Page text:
For secure health care data, thwart the attacks of tomorrow – not yesterdayby Jim Patterson Sep. 25, 2013, 10:22 AM
The best way to keep digital health care records safe is to invest in proactive measures that aim to help security specialists stay a step ahead of hackers, said the dean of Vanderbilt’s Owen Graduate School of Management.
“In most areas of health care the adage that ‘an ounce of prevention is worth a pound of cure’ holds true,” said M. Eric Johnson on his blog at the Owen School. “But for information security professionals in the field, the answer has not been so clear.”
One group of researchers advocates sticking to using past attacks as the guideline to building defenses. Others – including Johnson – believe more must be anticipated on the front end if real security is to be attained.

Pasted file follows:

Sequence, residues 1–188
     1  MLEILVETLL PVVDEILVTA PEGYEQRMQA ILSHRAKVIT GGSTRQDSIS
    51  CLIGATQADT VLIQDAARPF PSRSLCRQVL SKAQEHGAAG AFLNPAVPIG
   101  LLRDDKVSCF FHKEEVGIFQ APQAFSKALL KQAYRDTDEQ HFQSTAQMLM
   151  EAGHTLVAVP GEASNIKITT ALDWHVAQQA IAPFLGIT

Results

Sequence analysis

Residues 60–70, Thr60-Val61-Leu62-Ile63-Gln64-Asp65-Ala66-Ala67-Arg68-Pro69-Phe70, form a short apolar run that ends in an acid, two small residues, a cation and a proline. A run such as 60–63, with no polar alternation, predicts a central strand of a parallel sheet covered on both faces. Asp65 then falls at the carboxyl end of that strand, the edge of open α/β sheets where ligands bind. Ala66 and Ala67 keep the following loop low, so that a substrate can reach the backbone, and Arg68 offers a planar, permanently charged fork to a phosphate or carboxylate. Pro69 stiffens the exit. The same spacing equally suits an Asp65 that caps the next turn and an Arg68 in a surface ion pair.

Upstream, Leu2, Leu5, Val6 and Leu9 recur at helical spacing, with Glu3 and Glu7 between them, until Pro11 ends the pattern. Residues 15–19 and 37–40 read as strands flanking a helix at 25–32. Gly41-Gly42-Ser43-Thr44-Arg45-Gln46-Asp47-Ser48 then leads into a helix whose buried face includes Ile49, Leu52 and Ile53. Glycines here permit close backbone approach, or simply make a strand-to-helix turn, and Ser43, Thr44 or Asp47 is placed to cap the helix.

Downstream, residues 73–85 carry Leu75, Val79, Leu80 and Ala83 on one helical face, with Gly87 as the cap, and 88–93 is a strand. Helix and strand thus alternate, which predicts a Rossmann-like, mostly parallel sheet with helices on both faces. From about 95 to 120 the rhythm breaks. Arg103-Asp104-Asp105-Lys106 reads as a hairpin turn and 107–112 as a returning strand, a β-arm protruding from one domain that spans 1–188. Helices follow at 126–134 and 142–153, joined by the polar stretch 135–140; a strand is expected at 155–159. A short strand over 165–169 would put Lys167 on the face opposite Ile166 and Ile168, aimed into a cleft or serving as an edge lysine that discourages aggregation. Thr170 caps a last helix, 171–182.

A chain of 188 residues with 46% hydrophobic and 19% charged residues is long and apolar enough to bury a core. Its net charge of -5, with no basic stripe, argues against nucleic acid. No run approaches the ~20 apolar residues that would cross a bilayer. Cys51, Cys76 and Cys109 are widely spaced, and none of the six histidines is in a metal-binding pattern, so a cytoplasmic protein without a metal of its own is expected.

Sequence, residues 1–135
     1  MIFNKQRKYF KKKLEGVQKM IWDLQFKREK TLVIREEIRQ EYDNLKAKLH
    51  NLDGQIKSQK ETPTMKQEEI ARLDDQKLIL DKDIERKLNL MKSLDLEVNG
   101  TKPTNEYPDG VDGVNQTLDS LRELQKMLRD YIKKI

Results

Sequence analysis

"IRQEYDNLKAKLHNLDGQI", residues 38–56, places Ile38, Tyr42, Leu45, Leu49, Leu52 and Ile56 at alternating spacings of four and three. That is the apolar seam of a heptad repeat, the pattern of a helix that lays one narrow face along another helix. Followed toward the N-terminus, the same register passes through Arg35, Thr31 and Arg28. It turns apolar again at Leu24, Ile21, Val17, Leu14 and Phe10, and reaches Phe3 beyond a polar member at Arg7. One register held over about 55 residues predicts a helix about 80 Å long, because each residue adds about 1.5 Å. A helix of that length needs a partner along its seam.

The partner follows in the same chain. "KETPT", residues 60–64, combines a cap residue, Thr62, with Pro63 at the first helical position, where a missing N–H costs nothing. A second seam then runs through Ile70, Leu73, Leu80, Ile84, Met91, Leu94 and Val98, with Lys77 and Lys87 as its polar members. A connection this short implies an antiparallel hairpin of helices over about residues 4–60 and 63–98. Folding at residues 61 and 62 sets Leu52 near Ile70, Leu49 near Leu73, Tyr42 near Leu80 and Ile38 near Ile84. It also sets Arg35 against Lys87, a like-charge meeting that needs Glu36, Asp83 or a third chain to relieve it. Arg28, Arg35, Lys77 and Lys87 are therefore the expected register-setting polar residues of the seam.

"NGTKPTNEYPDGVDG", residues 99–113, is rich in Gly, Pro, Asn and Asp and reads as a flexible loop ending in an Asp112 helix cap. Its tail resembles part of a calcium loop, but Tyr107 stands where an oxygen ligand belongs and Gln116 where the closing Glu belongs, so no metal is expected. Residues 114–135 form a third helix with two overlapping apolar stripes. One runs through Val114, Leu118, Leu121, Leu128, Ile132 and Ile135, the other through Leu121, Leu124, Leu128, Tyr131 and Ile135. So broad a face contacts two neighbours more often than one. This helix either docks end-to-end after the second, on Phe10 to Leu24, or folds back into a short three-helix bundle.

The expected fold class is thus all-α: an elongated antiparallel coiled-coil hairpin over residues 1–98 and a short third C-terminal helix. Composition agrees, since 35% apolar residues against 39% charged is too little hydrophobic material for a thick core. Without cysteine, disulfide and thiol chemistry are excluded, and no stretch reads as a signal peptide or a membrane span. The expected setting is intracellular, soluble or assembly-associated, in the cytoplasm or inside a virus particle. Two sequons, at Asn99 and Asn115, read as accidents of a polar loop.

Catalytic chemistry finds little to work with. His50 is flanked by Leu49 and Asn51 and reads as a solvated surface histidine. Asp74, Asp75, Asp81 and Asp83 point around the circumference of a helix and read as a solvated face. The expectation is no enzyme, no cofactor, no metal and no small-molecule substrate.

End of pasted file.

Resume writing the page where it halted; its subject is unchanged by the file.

“Investments in preventing security breaches help stimulate organizational learning, a point for which the research literature provides some support,” Johnson said. “Rather than simply reacting to failures, proactive initiatives involve identifying weaknesses and investing in the most likely failure points.”
Johnson was recently named the principal co-investigator on a $10-million, five-year grant from the Secure and Trustworthy Cyberspace Program of the National Science Foundation to examine security and privacy issues surrounding the transition to electronic health information.
A study set to appear later this fall will provide evidence that proactive security investments are more effective than reactive ones, Johnson said.
“Examining the security investment decisions and breach history of 2,386 U.S. hospitals over a five-year period, we found that proactive investments were associated with lower security failure rates than investments made in reaction to breaches,” Johnson said. “Combine that with the costs of breach disclosure and security program costs and we show that proactive investments are more cost effective than reactive investments.”